The African People’s Solidarity Committee sponsored Marches for Social Justice in Oakland, California, Philadelphia, Pennsylvania, and St. Petersburg, Florida.
In three U.S. cities this fall, a very significant event took place: North Americans (white people) marched in solidarity with the movement for economic and social justice and reparations to the African community.
The March for Social Justice, which raised up the slogan “Stop America’s Other War,” took place in Oakland, California, Philadelphia, Pennsylvania and St. Petersburg, Florida during the months of October and November.
Sponsored by the African People’s Solidarity Committee (APSC), the marches called on other white people, especially those who consider themselves progressive, to recognize that even as the U.S. is waging a brutal war against the people of Iraq, the same torturous and genocidal conditions are imposed on the African community right here within its own domestic borders.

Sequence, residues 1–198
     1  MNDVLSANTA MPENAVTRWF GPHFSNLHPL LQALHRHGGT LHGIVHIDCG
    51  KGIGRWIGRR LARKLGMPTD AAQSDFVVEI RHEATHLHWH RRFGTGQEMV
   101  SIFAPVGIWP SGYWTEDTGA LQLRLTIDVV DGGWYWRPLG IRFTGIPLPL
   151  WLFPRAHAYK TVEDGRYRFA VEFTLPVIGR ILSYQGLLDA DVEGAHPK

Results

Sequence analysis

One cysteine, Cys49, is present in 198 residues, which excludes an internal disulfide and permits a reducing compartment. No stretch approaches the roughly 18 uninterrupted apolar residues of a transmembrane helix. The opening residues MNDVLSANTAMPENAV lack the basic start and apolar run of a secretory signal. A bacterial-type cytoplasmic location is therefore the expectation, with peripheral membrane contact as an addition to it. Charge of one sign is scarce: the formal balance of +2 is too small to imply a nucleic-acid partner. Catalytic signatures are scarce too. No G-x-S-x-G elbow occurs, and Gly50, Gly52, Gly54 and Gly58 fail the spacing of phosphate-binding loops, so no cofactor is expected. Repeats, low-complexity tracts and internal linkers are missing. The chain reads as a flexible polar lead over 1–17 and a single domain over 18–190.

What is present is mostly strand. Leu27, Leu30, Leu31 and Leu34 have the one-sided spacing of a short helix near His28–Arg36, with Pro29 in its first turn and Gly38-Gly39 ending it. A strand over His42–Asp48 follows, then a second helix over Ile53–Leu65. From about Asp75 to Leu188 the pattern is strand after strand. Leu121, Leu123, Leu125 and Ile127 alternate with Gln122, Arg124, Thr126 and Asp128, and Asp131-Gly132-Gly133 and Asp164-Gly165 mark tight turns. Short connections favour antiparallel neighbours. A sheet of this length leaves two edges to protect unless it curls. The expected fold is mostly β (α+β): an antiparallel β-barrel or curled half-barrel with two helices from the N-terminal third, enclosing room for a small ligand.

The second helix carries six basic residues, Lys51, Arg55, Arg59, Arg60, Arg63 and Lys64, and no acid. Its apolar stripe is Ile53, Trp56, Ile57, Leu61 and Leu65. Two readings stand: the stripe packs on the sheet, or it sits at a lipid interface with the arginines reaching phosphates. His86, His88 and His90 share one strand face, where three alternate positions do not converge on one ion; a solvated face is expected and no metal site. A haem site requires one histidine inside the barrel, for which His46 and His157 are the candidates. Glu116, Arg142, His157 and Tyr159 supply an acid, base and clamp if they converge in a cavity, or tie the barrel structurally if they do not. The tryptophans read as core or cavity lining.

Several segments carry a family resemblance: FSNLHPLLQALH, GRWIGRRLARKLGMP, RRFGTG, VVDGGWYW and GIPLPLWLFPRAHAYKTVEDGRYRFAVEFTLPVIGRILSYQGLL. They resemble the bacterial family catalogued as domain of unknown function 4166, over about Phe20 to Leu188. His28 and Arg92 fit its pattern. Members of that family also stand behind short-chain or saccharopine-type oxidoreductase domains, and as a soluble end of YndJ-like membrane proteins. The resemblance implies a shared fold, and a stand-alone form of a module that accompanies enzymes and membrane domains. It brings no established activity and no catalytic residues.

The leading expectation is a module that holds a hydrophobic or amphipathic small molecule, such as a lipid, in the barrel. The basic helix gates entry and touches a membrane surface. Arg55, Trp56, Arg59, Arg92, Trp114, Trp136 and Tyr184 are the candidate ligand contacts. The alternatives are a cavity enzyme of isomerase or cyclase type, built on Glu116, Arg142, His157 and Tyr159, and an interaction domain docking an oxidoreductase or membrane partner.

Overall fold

The mission of the APSC, which was created by the African People’s Socialist Party (APSP), is to organize in the white communities, building political and financial solidarity for the African liberation movement led by the Party, while working directly under the Party’s leadership. These marches were also fundraisers for the Party.